Not Every Webcomic Update Will Be Stellar… And That’s Ok – A Ramble

Well, since I’m busy making next month’s webcomic mini series at the time of writing, I thought that I’d talk about quality variations in webcomics today.

This is mostly because, although the second update in the upcoming mini series certainly isn’t a “bad” comic update, it didn’t end up being quite as funny or artistically detailed as the previous comic update was. Here’s a preview of it:

The full comic update will be posted here on the 23rd May.

Even if you only make webcomic updates occasionally, you’ll probably run into this problem too. Sometimes, the only good idea for a webcomic update isn’t quite as good as the idea you had last time. Of course, in these situations, the only sensible thing to do is to… make the comic update anyway.

Yes, you heard me correctly. Make the comic update.

As counter-intuitive as it sounds, a mediocre finished webcomic update is still better than a hypothetical “great” webcomic update that you haven’t made. For starters, it means that your audience gets to see something. Even if they aren’t impressed by the comic update, they can at least feel reassured by the fact that you’re still making comics (and sticking to your schedule).

Secondly, you are almost certainly your own worst critic. If you’ve been making webcomics for a while, then even one of your “bad” comic updates might still be considered acceptable or even good by the standards of other people. If you haven’t been making webcomics for long, then you need the practice – so make the update and post it for your own sake. Remember, even the best webcomics weren’t as good during their early days.

Thirdly, even if you only publish six comic updates a month (which seems to be my thing at the moment), you’ve still got to make multiple comic updates within a relatively short period of time. This is especially true if you want to make a long-running webcomic.

You’ve got to come up with comic ideas on a regular basis and, as such, there are inevitably going to be slight dips in quality occasionally. No-one’s imagination runs at 100% efficiency all of the time. Your audience probably understands this too and are more forgiving then you think. At the very least, if you stick to your update schedule then this means that they won’t have to wait that long for the next comic update (which might be better).

Fourthly, a mediocre webcomic update can be more inspirational than you think. After all, if there are any aspiring webcomic creators in your audience, then they are probably going to see the mediocre comic update and either think “I can do better than that! I’ll finally start my own webcomic!” or “Whew! I’m not the only one who has off days with my comic sometimes!“. So posting a mediocre comic update might actually help out other people.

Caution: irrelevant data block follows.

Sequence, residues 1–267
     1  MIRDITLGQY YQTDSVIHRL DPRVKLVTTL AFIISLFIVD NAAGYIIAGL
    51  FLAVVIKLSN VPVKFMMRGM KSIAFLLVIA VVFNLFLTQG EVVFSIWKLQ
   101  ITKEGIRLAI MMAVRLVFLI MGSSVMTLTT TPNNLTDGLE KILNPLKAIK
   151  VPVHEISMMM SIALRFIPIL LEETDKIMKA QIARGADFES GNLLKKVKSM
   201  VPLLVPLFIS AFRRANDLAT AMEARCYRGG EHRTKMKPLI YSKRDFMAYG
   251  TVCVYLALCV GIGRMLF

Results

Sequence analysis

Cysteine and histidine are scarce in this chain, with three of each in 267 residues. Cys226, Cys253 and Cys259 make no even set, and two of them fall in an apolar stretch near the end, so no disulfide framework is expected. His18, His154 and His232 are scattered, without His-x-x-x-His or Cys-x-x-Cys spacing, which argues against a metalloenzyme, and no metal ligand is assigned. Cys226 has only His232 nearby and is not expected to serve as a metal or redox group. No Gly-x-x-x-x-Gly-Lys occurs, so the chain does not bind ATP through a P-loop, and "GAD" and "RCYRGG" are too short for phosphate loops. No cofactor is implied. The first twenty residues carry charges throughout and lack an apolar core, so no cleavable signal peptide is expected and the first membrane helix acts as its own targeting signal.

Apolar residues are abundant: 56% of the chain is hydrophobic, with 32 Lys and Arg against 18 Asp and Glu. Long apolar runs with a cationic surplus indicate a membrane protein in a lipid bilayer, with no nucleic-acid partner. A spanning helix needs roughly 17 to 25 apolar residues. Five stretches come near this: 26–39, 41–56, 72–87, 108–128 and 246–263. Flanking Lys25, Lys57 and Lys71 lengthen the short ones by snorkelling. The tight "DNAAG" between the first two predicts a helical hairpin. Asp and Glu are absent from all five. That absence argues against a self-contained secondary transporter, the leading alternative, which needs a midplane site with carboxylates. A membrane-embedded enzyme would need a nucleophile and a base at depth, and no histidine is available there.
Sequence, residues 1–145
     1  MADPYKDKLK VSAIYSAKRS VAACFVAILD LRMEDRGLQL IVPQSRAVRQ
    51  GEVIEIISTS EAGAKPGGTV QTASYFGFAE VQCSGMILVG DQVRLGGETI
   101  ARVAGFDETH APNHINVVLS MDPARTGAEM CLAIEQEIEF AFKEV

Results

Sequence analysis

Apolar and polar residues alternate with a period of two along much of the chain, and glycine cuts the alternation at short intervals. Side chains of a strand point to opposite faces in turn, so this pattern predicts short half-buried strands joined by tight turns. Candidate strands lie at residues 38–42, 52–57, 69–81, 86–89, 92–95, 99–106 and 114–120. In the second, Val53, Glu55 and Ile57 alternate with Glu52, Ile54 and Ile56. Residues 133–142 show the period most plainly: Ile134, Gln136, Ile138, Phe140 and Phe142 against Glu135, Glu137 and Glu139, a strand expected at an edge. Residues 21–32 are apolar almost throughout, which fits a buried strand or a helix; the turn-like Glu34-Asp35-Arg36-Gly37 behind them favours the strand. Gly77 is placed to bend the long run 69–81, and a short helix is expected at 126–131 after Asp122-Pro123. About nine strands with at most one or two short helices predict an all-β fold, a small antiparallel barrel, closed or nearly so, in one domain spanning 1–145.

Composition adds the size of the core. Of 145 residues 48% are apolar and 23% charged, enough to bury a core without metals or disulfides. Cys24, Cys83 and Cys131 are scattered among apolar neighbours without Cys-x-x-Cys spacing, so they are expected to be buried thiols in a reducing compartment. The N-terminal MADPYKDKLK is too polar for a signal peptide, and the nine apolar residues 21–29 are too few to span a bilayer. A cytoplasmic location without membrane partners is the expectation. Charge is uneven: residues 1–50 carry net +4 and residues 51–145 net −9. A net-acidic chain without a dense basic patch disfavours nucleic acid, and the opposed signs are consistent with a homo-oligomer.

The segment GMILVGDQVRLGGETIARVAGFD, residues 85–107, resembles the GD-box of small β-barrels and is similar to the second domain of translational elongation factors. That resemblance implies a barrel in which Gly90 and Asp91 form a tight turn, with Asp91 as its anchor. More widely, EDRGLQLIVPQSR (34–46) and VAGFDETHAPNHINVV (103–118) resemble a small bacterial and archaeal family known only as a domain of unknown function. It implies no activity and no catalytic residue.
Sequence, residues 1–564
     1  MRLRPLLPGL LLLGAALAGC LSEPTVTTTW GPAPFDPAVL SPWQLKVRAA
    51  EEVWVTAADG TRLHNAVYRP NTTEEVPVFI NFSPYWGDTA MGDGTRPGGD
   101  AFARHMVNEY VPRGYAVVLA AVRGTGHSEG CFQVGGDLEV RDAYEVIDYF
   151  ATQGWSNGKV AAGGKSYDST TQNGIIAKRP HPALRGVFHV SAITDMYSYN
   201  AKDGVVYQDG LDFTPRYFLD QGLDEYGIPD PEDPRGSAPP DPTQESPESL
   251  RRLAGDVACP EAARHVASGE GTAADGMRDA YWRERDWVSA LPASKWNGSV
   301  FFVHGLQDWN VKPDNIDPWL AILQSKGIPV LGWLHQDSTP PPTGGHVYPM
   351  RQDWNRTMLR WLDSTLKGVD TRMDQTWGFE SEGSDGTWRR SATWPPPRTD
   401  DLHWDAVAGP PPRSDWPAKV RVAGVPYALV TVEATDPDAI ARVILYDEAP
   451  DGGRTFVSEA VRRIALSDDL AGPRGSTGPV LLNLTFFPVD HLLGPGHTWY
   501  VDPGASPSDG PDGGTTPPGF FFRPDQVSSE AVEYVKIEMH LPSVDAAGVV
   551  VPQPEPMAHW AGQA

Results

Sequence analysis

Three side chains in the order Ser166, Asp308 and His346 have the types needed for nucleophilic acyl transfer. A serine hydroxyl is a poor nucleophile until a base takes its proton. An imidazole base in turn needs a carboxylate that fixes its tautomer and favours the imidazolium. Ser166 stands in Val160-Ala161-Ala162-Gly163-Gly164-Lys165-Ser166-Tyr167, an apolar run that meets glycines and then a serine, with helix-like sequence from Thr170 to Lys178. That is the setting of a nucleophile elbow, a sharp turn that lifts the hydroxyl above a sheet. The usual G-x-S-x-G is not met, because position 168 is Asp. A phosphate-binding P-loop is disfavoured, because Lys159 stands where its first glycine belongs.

Finally, and most importantly, if you care about the fact that your latest comic update isn’t as good as the one you made before it, then this means that you care about making webcomics. It means that webcomics still matter to you. It means that you still feel motivated to make webcomics. It means that you aren’t giving up in frustration or anything like that. It means that you want to make better webcomic updates. And this is a good thing!


Sorry for the short article, but I hope it was useful 🙂

Three Things To Do When Your Art Starts Looking Mediocre


If you make art regularly, then you’ve probably gone through a mediocre art phase at least once. This is a time when your art isn’t exactly terrible, but it isn’t exactly at it’s best either. Whether it’s because you were feeling uninspired, or were mostly focusing on other projects or just didn’t have quite enough time, it can happen.

In fact, it can sometimes happen annoyingly often. I mean, some of this month’s paintings and quite a few of next month’s paintings and comics (as well as some paintings that will appear in early October), were made during these phases.

So, what should you do if you find yourself in the middle of one of these mediocre art phases?

1) It isn’t as bad as you think: Chances are, if you’re able to recognise that you’re going through a mediocre art phase, then you’ve probably got a bit of artistic experience. You probably practice regularly enough to notice both subtle and large changes in the quality of your art over time. You’ve also produced good art, which allows you to notice that your current art is mediocre by comparison.